Financially successful, Lloyd Webber was able in 1973 to purchase a large country manor in Hampshire, Sydmonton Court House; he was also able to cultivate his love of fine art with the beginnings of what was ultimately to become the finest private collection of pre-Raphaelite paintings in the world. His gourmet tastes could equally be indulged-he is a noted wine connoisseur and in the 1990s wrote a restaurant review column-and an interview in 1972 reported him as having sent his wife to Cordon Bleu school. Something of the essential difference between Rice and Lloyd Webber comes through in the detail of this bit of frivolous journalism: whereas Lloyd Webber's recipe for the readers was "Sauce Bernaise à la Andrew," Rice's was "Eggy Bread" (as "Pain perdu à la Tim"). In creative terms, Rice's contemporary edge and wry humor complemented the broad romanticism of Lloyd Webber's tendencies: the warmth of Rice's work could be brought out by Lloyd Webber, while the more pointed and direct of Lloyd Webber's work was sharpened by Rice. It was only after they ceased working together that Lloyd Webber's more expansive and indulgent musical style was allowed to develop and even dominate his music.
In his next stage work, Lloyd Webber abruptly changed direction. He had begun to work with Rice on a musicalization of P. G. Wodehouse's famous upper-class comic creations in his novels set in aristocratic Britain of the late 1920s and early 1930s; but the collaboration faltered. Instead of dropping the idea, Lloyd Webber wrote it with the playwright Alan Ayckbourn. The central characters were the young idiot socialite Bertie Wooster and his suave and ever-resourceful butler, Jeeves, while the show's plot was principally based on one of the best novels of the series, The Code of the Woosters. A calamitous tryout in Bristol was followed by a no-less-appalling West End run at Her Majesty's Theatre: thirty-eight performances, opening on April 22, 1975, and closing on May 24. This big and public failure was to have significant effects on how Lloyd Webber approached future shows, the most important of which was the founding of his annual Sydmonton Festival to try out new material before it was launched into full production. The failure of Jeeves also prompted his return to collaboration with Rice, whose imagination had been sparked after hearing a radio documentary about the life of Eva Perón, wife of President Juan Perón of Argentina. Work progressed quickly enough that by April of 1976 tapes of material for Evita were presented at the Sydmonton Festival; in November the concept album was released on the MCA label, along with the singles "Don't Cry for Me, Argentina" (sung by Julie Covington) and "Another Suitcase in Another Hall" (sung by Barbara Dickson).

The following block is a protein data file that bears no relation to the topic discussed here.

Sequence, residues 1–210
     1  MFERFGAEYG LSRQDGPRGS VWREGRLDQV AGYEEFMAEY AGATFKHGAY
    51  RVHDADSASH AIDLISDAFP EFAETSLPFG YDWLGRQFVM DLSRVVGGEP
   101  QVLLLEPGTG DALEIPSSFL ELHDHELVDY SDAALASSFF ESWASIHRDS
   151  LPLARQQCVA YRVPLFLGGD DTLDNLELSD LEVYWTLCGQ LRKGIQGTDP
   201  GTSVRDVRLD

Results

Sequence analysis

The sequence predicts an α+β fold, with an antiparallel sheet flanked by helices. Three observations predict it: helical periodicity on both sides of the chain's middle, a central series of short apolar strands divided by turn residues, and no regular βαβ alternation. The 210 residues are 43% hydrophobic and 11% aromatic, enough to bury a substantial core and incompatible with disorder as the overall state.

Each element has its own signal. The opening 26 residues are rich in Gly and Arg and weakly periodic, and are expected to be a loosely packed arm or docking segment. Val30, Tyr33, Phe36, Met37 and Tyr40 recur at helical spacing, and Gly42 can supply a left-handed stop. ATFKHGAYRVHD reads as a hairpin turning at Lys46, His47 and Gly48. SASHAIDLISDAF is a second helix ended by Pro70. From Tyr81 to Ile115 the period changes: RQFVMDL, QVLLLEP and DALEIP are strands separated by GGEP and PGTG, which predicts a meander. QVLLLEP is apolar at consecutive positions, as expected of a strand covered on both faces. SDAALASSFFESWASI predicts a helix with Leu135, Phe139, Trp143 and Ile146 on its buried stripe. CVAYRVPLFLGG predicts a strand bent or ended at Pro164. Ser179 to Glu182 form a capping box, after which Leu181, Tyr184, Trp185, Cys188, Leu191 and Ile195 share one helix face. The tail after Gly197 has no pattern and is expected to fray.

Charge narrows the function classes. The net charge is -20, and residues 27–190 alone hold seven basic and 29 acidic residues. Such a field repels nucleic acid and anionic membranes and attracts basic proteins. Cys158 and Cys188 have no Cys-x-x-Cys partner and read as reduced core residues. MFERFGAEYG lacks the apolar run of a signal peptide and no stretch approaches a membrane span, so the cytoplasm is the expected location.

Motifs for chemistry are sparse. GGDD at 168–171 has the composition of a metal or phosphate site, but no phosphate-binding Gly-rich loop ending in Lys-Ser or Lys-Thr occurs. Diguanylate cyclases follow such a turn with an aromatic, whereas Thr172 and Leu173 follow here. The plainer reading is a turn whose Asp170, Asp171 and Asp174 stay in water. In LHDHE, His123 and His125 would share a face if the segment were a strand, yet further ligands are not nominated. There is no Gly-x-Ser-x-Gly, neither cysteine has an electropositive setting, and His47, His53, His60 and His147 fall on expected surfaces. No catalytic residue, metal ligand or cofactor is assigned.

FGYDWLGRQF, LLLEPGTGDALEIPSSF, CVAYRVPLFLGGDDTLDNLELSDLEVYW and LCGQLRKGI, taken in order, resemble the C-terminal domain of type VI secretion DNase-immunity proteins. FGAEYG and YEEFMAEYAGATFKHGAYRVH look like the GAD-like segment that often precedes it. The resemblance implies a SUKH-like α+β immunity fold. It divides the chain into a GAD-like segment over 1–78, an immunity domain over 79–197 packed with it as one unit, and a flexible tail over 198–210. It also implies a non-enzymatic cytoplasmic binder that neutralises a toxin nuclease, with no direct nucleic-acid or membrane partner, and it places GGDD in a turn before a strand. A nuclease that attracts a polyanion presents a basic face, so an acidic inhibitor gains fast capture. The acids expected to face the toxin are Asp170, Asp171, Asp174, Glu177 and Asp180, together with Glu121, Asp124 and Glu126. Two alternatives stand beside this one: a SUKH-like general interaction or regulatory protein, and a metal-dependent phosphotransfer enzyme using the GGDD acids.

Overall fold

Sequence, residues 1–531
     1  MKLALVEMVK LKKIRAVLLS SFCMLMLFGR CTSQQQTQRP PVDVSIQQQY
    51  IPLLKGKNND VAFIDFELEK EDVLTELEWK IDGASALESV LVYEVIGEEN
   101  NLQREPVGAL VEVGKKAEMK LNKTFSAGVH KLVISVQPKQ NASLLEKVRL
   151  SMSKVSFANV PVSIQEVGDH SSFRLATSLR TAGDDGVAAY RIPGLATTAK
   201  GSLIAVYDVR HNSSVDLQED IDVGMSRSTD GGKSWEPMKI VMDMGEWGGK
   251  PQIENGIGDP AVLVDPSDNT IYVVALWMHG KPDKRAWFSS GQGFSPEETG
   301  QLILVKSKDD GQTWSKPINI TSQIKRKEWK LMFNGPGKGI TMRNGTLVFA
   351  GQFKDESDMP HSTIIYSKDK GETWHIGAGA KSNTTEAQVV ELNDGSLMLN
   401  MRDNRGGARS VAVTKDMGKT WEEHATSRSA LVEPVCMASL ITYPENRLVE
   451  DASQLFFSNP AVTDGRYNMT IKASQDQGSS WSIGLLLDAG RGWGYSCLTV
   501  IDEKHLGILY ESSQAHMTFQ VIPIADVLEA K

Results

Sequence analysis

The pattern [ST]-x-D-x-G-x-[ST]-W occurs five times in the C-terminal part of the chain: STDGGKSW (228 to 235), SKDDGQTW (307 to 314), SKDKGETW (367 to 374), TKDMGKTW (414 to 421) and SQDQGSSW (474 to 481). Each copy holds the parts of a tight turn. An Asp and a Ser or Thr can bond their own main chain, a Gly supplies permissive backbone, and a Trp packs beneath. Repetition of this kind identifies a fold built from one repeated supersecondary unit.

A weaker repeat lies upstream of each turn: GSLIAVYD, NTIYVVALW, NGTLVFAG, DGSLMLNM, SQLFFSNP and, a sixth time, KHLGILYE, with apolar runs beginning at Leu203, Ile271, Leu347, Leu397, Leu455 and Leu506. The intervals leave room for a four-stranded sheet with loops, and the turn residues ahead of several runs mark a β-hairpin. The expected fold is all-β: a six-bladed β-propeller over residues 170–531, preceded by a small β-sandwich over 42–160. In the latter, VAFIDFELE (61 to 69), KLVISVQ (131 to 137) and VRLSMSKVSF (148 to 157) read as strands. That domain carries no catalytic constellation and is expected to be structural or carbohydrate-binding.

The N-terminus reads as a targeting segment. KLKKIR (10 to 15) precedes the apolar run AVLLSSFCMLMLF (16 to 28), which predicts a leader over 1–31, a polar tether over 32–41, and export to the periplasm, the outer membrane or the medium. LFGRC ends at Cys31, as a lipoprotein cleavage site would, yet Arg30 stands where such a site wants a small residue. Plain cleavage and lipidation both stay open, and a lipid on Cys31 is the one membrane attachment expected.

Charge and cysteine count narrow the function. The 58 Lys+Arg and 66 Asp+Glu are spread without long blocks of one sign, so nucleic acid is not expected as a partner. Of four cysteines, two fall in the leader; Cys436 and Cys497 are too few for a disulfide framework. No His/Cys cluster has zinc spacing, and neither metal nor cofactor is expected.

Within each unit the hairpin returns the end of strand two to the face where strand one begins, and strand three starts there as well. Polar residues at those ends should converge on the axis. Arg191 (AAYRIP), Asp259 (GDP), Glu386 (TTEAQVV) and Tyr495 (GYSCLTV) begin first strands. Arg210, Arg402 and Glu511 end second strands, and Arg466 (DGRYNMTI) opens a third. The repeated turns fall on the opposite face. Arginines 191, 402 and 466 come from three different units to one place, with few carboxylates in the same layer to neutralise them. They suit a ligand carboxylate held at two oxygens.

Excerpted from ANDREW LLOYD WEBBER by John Snelson Copyright © 2004 by Yale University. Excerpted by permission.
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Posted March 14, 2013